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New Anti-Russia Sanctions Loom Over Geneva Summit

U.S. Secretary of State John Kerry is surrounded by security as he arrives in Geneva, where he is scheduled to participate in talks on the ongoing situation in Ukraine with representatives from Ukraine, Russia and the EU.

Washington does not anticipate a breakthrough with Russia over the Ukraine crisis at a Geneva meeting of foreign ministers, U.S. officials said.

Thursday's meeting brings together the ministers of Russia, Ukraine, the U.S. and the EU's foreign policy chief to discuss a crisis in which Kiev is struggling to reassert its authority in eastern towns largely controlled by armed pro-Russian separatists.

With Russian troops massed on the border with Ukraine, prospects of significant progress at the four-way talks appear slim. By contrast, what President Vladimir Putin says during his annual "hotline" session with the Russian people may have far greater influence on events in Ukraine's rebellious east.

Upon arriving in Geneva on Wednesday, Ukrainian Foreign Minister Andriy Deshchytsia said there still is time for negotiations to ease tensions with Russia.

"I think that we still have a chance to de-escalate the situation using diplomatic means," he said. "And we will try hard. We are trying hard — not only Ukraine — but also the U.S. However, the time is now, not only to express concern, but to look for a more concrete and adequate response to Russia's plans and actions."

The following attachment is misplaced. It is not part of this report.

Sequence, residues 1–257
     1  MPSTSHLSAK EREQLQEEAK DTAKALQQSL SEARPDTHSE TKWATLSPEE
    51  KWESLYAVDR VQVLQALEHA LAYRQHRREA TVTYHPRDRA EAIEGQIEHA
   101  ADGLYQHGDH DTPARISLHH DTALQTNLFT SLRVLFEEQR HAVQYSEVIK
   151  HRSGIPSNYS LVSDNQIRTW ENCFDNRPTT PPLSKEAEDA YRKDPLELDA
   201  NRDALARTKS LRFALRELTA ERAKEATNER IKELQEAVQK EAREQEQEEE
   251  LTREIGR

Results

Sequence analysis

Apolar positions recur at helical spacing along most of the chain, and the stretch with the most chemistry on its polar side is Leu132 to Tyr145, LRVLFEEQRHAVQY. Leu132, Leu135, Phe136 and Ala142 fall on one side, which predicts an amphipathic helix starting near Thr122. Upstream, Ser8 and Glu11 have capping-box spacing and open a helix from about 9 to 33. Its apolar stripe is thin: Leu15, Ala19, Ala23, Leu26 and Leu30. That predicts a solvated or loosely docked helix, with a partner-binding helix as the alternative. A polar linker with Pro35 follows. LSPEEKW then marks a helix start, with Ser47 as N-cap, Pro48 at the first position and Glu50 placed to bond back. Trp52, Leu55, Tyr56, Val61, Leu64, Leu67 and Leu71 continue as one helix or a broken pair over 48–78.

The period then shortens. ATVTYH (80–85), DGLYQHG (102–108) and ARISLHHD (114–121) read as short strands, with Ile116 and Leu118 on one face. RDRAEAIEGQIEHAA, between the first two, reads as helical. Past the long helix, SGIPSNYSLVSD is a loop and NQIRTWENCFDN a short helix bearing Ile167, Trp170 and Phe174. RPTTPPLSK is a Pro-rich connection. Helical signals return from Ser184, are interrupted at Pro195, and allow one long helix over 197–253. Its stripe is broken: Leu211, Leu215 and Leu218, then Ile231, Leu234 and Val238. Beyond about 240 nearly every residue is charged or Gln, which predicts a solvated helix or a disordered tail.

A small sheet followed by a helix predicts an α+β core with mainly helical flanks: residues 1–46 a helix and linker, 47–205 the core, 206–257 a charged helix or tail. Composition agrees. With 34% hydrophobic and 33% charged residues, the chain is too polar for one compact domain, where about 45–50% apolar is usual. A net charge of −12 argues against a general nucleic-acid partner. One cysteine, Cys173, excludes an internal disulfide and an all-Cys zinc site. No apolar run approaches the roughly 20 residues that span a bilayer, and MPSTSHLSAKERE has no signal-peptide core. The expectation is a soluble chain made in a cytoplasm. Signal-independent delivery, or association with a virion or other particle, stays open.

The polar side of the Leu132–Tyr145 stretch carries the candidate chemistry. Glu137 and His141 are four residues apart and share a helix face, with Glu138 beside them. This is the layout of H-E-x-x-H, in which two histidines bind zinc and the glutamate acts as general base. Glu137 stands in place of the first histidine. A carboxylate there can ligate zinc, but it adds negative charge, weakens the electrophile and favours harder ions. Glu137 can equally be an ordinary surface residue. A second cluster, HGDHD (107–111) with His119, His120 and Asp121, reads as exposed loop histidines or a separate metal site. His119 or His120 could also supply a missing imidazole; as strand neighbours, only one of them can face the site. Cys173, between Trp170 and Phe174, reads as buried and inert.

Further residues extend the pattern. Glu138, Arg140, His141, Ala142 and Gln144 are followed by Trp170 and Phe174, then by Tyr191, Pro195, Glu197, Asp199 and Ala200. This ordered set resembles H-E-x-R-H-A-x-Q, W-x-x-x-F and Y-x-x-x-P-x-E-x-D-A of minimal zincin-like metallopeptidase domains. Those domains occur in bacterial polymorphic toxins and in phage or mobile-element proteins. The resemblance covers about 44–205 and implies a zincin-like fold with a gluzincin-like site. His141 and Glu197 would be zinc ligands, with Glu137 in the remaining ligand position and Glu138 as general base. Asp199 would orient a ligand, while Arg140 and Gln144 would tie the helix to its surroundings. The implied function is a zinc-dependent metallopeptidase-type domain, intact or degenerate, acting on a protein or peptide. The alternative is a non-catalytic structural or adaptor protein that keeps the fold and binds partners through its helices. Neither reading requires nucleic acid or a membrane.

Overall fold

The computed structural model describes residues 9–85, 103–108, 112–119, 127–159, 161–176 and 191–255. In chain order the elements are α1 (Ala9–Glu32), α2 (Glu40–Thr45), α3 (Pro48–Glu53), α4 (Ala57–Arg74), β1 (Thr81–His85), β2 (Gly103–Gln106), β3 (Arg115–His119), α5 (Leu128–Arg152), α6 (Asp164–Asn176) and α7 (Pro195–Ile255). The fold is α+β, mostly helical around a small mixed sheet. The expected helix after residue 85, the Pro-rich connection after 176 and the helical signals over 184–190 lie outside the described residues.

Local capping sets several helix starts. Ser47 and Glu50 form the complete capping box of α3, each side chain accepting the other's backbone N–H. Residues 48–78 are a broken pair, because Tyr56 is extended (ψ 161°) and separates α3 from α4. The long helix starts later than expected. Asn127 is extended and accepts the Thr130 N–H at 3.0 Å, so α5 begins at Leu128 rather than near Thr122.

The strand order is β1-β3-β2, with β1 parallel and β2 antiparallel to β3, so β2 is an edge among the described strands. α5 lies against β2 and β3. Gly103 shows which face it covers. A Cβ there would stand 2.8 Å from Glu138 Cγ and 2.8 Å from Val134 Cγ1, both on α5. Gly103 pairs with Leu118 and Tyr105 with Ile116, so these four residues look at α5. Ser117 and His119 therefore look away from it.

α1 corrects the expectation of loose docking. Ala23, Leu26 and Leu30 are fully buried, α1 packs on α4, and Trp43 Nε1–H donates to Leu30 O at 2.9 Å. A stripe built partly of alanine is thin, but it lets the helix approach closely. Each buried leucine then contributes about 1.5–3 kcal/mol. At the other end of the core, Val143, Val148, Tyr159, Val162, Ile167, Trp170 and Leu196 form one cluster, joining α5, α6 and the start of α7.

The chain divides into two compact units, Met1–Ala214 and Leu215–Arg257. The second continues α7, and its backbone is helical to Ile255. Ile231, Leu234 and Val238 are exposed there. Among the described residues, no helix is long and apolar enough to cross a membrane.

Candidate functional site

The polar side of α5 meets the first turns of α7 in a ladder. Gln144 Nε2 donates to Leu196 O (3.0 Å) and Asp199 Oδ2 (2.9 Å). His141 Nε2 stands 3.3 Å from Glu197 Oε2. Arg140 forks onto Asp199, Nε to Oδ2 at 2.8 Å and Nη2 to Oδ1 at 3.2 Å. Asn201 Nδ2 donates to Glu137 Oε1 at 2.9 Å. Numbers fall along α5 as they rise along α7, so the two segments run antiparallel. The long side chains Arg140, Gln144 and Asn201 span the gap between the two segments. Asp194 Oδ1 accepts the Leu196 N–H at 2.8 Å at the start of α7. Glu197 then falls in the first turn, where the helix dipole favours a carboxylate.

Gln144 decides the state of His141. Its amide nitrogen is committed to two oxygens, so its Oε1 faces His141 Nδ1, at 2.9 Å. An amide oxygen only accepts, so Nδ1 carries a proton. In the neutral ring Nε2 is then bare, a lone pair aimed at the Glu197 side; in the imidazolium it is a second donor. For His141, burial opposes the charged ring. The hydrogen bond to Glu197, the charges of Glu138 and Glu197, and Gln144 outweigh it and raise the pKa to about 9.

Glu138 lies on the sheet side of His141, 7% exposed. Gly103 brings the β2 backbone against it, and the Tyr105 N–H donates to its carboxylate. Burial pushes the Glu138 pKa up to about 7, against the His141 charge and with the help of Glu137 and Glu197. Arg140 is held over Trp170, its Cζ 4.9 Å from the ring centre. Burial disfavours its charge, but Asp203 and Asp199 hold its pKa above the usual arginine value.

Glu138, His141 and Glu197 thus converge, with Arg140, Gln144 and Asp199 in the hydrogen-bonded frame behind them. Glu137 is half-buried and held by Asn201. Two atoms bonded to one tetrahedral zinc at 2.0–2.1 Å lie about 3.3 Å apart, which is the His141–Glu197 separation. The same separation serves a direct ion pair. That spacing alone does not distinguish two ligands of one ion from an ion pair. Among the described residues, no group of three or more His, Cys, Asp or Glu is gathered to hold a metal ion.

U.S. officials said it was reasonable to assume that more sanctions would be imposed against Russia if there was no progress at the meeting. Additional sanctions could come from Washington as soon as Friday.

"What I have said consistently is that each time Russia takes these kinds of steps that are designed to destabilize Ukraine and violate their sovereignty, that there are going to be consequences," President Barack Obama said Wednesday in an interview with CBS.

Deshchytsia went to Geneva with a weak hand as his government's offensive to regain control of official buildings occupied by rebels in about 10 eastern towns has made humiliatingly little progress.

Separatists flew the Russian flag on armoured vehicles taken from the Ukrainian army on Wednesday. Six of them were driven into the rebel-held town of Slovyansk to shouts of "Russia! Russia!" It was not immediately clear whether they had been captured by rebels or handed over to them by Ukrainian deserters.

Armed pro-Russia separatists also attacked a Ukraine base in the eastern city of Mariupol on Wednesday and national guard soldiers fired shots in the air to turn them back. A government statement did not say if anyone was injured in the attack.

Putin has accused the Ukrainian government of risking mass bloodshed by using its military to try to crush the rebellion in the largely Russian-speaking East.

"The sharp escalation of the conflict puts the country, in effect, on the brink of civil war," Putin told German Chancellor Angela Merkel this week, the Kremlin said. 

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